The true test of good manners: Airline travel - FOX 10 News |

The true test of good manners: Airline travel

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TAMPA (FOX 13) -

What, of all things, could exacerbate the long lines, delayed flights, and lost luggage that frustrated holiday travels?


Countless videos of screaming, ranting airport hotheads –- some devolving to fistfights -- are prevalent on YouTube. One particular cell phone drama documents an expletive-laden confrontation between two women in a JFK airport security line, illustrating in high definition television how the confluence of emotion and aggravation can boil over.

Airports are pressure cookers.

"It's frustrating," said Peggy Post, the U.S.'s preeminent expert in etiquette.

As millions prepare to fly for the holidays, we asked Post, author of the 18th edition of Emily Post's "Etiquette," for some advice to help travelers get by without getting into a screaming match.

Her perspective is twofold: Both as a leading etiquette authority, and as former flight attendant.

"Two years right out of college," she said, speaking of her tenure with Pan American Airways.

"I was young and jet lag didn't really bother me," she said, nostalgically.

Post said she leans on her experience with Pan Am to hone her modern travel advice.

"It helps me understand," she said.


Post, who still travels frequently, recognizes that the experience can be infuriating, irritating, annoying, and so on. And she said it is okay to confront those situations.

"You may certainly be firm," she said, but it is absolutely never acceptable to raise your voice—no matter how much of a release it might provide you.

"I wouldn't yell. Unless there's an emergency," she said.

Post said airline employees, as with all service personnel, deserve common courtesy. Post said that has been a theme of Emily Post's Etiquette since the early 1900s.

"When you're traveling, especially, remember to be respectful," she said. "That's at the top of the list."


Post says it is not inherently discourteous to recline. We almost have no choice but to press the silver button and recline in-flight, given how close together the rows are.

"You may certainly put your seat back," she said. But, "instead of just pushing it right back, try to do it slowly."


"Share." That's the one word Post uses to define that disputed sliver of territory between two seats. It's community property. Post says politeness allows for a compromise.

Consider saying this to a strong elbowed seatmate: "How about you take the back and I take the front?"


What about that motor mouth who just wants to talk? The one who won't keep quit when all you want to do is keep to yourself? Post says it's perfectly polite to turn to that chatterbox and say: ‘Pardon me, but I'm not interested in talking. Sorry. Have a great trip.'"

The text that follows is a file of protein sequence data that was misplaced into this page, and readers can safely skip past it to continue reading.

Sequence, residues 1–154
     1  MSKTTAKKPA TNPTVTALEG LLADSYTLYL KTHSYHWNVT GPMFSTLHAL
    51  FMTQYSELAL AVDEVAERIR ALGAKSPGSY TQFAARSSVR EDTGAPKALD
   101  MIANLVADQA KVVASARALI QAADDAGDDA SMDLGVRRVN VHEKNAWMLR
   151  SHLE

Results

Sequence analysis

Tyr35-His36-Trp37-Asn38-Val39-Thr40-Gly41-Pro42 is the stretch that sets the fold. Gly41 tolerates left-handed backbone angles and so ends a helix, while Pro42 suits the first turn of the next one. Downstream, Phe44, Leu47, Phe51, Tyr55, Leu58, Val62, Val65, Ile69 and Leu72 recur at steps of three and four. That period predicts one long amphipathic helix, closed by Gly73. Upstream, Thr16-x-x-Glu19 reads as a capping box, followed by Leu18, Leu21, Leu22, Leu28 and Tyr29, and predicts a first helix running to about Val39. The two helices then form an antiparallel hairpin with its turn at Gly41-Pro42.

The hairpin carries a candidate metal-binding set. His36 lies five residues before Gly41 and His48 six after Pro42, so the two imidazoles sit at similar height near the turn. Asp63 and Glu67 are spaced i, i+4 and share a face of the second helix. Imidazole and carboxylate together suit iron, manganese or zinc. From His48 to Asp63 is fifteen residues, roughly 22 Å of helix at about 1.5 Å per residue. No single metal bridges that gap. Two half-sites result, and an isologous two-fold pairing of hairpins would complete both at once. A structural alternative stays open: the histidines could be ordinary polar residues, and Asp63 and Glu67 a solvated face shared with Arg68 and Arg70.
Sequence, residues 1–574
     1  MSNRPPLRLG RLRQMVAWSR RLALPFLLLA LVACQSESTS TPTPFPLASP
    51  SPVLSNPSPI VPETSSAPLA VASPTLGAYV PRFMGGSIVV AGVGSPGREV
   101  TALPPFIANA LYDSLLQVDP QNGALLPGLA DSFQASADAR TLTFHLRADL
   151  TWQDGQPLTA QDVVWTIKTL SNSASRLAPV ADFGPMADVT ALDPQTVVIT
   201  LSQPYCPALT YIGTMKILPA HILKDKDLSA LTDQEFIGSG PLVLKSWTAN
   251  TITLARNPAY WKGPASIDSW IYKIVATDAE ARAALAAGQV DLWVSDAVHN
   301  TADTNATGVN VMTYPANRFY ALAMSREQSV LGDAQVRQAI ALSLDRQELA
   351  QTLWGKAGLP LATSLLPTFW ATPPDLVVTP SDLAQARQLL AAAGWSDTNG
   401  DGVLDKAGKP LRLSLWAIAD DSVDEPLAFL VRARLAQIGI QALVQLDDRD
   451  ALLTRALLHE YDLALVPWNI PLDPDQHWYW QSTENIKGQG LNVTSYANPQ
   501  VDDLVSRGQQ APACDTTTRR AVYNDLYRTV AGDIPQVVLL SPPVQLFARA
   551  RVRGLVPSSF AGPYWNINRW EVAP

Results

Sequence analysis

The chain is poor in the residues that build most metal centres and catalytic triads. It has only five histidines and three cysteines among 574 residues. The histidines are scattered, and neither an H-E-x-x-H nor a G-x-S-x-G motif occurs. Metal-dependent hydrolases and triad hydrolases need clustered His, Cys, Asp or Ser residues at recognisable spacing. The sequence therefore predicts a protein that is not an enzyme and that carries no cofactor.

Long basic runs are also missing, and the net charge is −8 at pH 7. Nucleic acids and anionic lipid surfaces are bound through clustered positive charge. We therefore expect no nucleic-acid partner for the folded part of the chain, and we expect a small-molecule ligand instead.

"Do it kindly," she said.


Gone are those gilded Pan Am days in which passengers dressed smartly for flights. Today's are travelers wear pajamas on planes. Or less.

Post concedes comfort wins in 2012. She has concluded the decision what to wear is completely personal, though she does say that keeping –most- of one's body covered is probably appropriate when in public.


Post sighs when she acknowledges the herd mentality that floods the gate. It's tough to remain polite, especially considering the inconsiderate among us who jump the line. Post said it is well within good manners to be strategic about your placement—near the other cattle.

"That's OK," she said. "But don't push; don't shove. And people do."


If someone asks you to move, does good etiquette require you to give in? Post says no. You can stand your ground and stay in your assigned seat.

"You don't even have to give a reason," she said. "You can say, 'I'd like to stay here.'" But Post says you must break the news kindly and gently to avoid retribution.


The best is last.

Post tells a short story, a tale she says is near perfect guidance for parents who choose to roll their young kinds onto an airliner.

The mom stands before her fellow passengers, prior to takeoff, and makes an upbeat public broadcast.

"I apologize for my son's behavior," she says—right up front. "I never know what he's going to do."

Invariably, the people seated around the soon-to-be screaming child are chuckling.

Post says that is exactly the attitude travelers should adopt.

"Something's going to go wrong," she said. "Try to make the most of it."


Post said it's best when passengers have something to do, rather than dwelling on a crying baby, a canceled flight, or any of the other nuisances air travel can invite.

"Bring something to distract yourself," she said, quickly recommending her book: Emily Post's Etiquette, 18th Edition.

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